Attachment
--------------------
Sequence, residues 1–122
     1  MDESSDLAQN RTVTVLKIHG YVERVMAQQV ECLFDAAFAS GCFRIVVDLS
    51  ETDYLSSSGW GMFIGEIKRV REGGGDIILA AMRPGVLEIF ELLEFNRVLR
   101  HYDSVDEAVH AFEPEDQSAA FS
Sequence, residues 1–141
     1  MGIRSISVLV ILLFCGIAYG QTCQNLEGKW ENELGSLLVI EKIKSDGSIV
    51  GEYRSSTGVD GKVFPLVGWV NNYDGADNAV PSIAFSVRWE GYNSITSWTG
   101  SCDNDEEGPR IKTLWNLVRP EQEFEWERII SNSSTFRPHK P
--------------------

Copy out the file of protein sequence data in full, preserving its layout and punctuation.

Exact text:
Sequence, residues 1–122
     1  MDESSDLAQN RTVTVLKIHG YVERVMAQQV ECLFDAAFAS GCFRIVVDLS
    51  ETDYLSSSGW GMFIGEIKRV REGGGDIILA AMRPGVLEIF ELLEFNRVLR
   101  HYDSVDEAVH AFEPEDQSAA FS
Sequence, residues 1–141
     1  MGIRSISVLV ILLFCGIAYG QTCQNLEGKW ENELGSLLVI EKIKSDGSIV
    51  GEYRSSTGVD GKVFPLVGWV NNYDGADNAV PSIAFSVRWE GYNSITSWTG
   101  SCDNDEEGPR IKTLWNLVRP EQEFEWERII SNSSTFRPHK P